Instead of the apt command-line tool of the Debian variants, Fedora uses dnf for command line management of software installations. Fedora packages are .rpm files rather than .deb files and Fedora supports both Snap and Flatpack, which are increasingly used for software distribution. Fedora differs from Debian-based distros in its security mechanism. Ubuntu-family distros use AppArmor while Fedora uses SELinux.

In practice, switching to dnf is straightforward for an experienced Debian user.

In Debian distributions, you might install a software package such as btop by typing

sudo apt install btop

In Fedora you would type this instead

sudo dnf install btop

The two systems are similar enough that transitioning from apt to dnf presents no particular challenge.

btop

Changing the Look & Feel

Although I find the GNOME interface interesting and slick, I couldn’t get comfortable with it, so, in the great Linux tradition, I added my favourite GUI, Cinnamon, as an alternate GUI with the simple command

sudo dnf install cinnamon

and, upon completion, Fedora installed the Cinnamon option. This significantly increased my comfort level.

Cinnamon User Interface with Menu and Task Bar at the Bottom

Bottom Line

I give Fedora 36 highest marks: It’s a great distribution. I suspect, though, that it’s a better Linux for experienced users than beginners. For those new to Linux I think Ubuntu or, particularly, Linux Mint, makes a better choice.

If you want to use a solid, leading edge Linux, and have a bit of Linux experience, Fedora is one of the top choices.


Gene Wilburn is a Canadian writer, photographer, and retired IT professional.

Enough with Subscriptions Already!

By Gene Wilburn


Photo by Samantha Gades on Unsplash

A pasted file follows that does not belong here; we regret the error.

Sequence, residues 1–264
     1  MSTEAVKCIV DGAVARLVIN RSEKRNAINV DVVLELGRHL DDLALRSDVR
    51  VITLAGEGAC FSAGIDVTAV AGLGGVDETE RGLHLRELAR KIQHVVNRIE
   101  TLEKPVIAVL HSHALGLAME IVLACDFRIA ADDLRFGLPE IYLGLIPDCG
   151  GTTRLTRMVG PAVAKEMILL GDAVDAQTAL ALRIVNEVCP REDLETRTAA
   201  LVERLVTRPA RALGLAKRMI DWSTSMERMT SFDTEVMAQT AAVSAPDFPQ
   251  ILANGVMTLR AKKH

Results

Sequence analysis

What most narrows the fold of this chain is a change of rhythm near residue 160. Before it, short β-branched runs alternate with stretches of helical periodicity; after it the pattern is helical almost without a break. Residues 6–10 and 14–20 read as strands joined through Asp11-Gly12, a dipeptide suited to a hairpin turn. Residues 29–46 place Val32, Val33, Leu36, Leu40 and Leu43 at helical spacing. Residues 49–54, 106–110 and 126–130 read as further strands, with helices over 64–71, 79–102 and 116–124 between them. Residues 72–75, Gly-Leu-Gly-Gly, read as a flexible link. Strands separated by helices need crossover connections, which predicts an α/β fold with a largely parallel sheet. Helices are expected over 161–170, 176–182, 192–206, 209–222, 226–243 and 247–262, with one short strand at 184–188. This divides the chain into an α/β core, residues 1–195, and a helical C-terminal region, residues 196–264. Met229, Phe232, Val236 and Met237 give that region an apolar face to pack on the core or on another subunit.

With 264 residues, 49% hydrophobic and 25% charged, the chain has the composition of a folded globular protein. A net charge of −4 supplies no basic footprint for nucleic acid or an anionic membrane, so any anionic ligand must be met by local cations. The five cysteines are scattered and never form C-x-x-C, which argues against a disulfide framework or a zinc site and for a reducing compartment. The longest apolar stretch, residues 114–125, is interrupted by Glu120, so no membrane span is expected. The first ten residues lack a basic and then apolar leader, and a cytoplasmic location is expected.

These days it seems as if every vendor of every product has jumped on the “service as subscription” bandwagon. While this might be good for vendors, providing a steadier income stream, it’s reaching a breaking point for customers. Worse, it’s often nothing more than a greedy money grab.

$18/Month to Warm Your Derrière

BMW has recently introduced a monthly subscription fee of $18US a month if you want access to the vehicles’ heated seats. Other car vendors are implementing a monthly subscription fee for remote-start key fobs.

“Earlier this year, Cox Automotive conducted a survey of 217 people who intend to buy a new car over the next two years. Only 25 percent said they’d be willing to pay a monthly or annual fee to unlock a feature in their vehicle. The remaining 75 percent said piss off. [my emphasis]

Well, you might say, luxury car owners can afford subscriptions like seat warmers. Not so fast. GM expects its in-car subscription services on its automotive lines to generate nearly $2-billion this year, which will reach as high as $25-billion by the end of the decade.

Remember, this is beyond the base price you pay for your family automobile, and it’s not just aimed at luxury cars.

How Much Monthly Streaming Services Cost in Canada

The following prices were what I could confirm as Canadian prices. U.S. pricing tends to be slightly lower.

Netflix Canada: $9.99 / $15.49 / 19.99 depending on the plan
Crave: $9.99 for mobile devices, $19.99 for all platform
HBO (ad-free): $19.35
YouTube (ad-free family plan): $17.99
BritBox: $8.99:
Hulu (ad-free): $11.99